The colours of the dry season are wonderful — golden grasses and chalky blue sky (though the latter is the result of farmers burning their fields after harvest).
The wildlife stands out easily against the drying ground cover, which also gets sparser and lower as the dry season progresses and the herbivores eat what is available.
I love when multiple species of animals hang out together, such as the oryx (also called gemsbok), blue wildebeest and springbok below.
I think it could safely be said you’re guaranteed to see plenty of animals in the dry season, but if you have a particular animal in mind you want to see, the longer you stay, the better the odds.
My recommendation is to book a bare minimum of 3 full days in the park to increase your odds.
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In the wet season, January through March, this could mean a lot of driving without a sighting, so perhaps you need a little more dedication and optimism.
Still, it also means cheaper accommodations by about $1000 NAD (roughly $60 USD) per night, and often have the roads and animals all to yourself.
And you may be surprised by some amazing sightings in the off-season. I was warned I was unlikely to see much then, but in March I saw elephants, plenty of antelope species and three male lions super close-up.
The park was established around the enormous Etosha Salt Pan, Africa’s largest salt pan. It was once a freshwater lake until its primary tributary river changed course and the lake slowly dried up.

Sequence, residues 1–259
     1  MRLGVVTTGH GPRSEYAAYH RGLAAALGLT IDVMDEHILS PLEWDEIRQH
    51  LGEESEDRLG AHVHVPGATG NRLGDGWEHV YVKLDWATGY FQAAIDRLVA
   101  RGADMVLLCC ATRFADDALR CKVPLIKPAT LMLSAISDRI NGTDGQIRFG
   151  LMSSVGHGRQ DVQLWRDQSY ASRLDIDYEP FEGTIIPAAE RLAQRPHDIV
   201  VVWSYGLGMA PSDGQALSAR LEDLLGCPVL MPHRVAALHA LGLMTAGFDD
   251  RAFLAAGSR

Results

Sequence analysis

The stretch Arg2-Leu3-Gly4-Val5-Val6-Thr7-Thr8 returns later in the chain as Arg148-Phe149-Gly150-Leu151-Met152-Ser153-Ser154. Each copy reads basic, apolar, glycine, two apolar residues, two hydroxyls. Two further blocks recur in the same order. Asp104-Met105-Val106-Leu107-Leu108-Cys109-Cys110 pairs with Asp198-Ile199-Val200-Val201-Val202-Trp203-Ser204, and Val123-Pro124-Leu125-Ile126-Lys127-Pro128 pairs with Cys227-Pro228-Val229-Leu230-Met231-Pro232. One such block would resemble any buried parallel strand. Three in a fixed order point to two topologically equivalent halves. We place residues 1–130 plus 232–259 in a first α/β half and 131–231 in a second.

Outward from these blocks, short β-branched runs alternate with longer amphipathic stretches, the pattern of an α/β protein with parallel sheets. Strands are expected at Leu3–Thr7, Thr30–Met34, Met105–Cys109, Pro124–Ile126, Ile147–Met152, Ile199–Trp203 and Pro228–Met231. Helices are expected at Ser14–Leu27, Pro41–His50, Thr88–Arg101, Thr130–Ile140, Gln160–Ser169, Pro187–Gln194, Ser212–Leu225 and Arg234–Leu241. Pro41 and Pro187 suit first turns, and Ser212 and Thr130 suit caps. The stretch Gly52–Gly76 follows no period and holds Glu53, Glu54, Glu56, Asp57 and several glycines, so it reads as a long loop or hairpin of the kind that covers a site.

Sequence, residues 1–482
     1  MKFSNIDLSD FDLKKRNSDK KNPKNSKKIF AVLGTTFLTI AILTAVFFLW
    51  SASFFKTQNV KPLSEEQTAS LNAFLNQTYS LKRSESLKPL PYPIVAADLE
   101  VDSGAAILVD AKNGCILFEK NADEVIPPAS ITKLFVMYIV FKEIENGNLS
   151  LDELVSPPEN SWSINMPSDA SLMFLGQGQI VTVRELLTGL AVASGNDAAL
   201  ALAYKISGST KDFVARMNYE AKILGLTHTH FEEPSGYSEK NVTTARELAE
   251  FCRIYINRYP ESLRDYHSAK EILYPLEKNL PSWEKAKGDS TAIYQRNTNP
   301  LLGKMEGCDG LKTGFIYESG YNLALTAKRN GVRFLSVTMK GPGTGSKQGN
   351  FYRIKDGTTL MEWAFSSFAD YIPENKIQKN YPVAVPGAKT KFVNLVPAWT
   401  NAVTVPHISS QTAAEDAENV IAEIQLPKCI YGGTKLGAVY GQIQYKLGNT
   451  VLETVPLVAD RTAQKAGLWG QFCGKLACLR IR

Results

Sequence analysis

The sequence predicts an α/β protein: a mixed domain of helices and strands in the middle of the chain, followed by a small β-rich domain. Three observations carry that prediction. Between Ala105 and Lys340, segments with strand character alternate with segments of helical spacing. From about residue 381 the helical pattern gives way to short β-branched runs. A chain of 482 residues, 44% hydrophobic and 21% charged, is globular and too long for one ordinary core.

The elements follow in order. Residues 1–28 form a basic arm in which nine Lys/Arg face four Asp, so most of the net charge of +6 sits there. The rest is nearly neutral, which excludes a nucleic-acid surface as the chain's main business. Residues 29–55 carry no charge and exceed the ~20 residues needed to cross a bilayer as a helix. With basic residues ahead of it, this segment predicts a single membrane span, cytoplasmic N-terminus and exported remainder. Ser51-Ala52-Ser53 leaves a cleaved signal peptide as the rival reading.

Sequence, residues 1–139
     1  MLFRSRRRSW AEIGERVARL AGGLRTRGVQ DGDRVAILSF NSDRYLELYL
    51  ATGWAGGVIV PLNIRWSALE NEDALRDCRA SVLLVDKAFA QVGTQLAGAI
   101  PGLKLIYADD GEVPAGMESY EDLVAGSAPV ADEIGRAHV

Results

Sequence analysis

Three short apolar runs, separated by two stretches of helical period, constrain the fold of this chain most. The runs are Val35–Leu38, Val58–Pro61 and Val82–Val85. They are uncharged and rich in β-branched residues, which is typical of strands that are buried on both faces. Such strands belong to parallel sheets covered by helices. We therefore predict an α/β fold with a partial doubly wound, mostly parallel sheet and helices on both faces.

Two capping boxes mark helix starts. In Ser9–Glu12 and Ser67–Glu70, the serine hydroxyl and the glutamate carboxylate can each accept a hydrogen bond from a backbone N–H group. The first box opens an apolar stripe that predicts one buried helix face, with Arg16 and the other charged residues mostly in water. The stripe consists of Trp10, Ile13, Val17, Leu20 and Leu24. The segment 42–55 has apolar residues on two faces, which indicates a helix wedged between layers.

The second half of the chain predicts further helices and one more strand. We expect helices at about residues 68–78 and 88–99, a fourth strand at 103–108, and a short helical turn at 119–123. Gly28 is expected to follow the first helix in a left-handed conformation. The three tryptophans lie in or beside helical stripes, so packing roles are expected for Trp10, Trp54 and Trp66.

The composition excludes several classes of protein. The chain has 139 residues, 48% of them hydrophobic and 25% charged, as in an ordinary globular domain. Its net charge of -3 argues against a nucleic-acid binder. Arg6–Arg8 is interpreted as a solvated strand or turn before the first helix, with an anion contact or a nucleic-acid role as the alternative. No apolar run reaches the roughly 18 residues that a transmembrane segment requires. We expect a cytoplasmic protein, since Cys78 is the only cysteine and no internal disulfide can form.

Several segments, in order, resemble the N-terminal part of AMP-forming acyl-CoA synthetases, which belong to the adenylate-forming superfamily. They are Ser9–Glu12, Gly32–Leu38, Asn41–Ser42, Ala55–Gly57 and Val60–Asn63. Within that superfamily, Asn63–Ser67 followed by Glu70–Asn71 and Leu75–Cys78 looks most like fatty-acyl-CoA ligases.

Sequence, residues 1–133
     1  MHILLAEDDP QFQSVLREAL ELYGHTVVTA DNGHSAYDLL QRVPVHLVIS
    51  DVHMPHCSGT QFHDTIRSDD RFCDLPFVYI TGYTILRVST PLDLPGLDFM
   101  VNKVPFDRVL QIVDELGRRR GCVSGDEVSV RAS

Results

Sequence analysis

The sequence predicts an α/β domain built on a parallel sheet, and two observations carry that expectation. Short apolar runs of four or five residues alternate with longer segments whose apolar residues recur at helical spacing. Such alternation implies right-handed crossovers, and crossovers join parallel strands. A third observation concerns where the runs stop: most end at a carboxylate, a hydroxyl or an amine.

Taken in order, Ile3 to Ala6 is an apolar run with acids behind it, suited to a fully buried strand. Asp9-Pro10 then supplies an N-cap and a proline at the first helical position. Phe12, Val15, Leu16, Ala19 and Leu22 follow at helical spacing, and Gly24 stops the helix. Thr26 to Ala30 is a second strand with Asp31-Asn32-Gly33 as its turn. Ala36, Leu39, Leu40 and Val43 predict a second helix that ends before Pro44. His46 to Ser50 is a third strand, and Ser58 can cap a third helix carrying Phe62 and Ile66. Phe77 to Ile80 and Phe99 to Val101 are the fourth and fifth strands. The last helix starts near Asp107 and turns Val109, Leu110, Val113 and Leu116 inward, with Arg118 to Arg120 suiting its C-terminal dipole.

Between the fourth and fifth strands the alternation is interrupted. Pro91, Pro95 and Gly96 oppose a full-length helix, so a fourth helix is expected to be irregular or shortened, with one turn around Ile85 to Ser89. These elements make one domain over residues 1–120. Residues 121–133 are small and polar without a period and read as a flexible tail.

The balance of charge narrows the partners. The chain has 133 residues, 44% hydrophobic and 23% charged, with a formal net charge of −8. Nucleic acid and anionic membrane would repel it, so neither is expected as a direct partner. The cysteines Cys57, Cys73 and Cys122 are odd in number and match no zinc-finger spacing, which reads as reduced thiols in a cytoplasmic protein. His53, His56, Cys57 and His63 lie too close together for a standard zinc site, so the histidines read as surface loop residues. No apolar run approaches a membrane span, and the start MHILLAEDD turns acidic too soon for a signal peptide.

Smaller contributing rivers now mostly soak into the ground before they reach the salt pan.
It’s a barren, forbidding place in the dry season, but full of colour in the wet season.
A particular joy in this time of year is watching the rain clouds gather across the pan and release showers that form temporary pools and bring the pan to life.
Any time of year, birds abound throughout Etosha National Park.
Even if the large mammals are more difficult to spot in the wet season, birds will still undoubtedly entertain a visitor — from social weavers to lone eagles, dazzling colours to clever camouflage, the largest ostrich to the smallest tit, Africa will turn just about anyone into a birder!
The lilac-breasted roller is particularly popular with tourists, including me! It’s a sheer delight to spot this little gem of nature.
The tourist roads and camps primarily skirt the southern and eastern edges of the pan.
A series of loop roads branch off the main road. A park map is very easy to follow.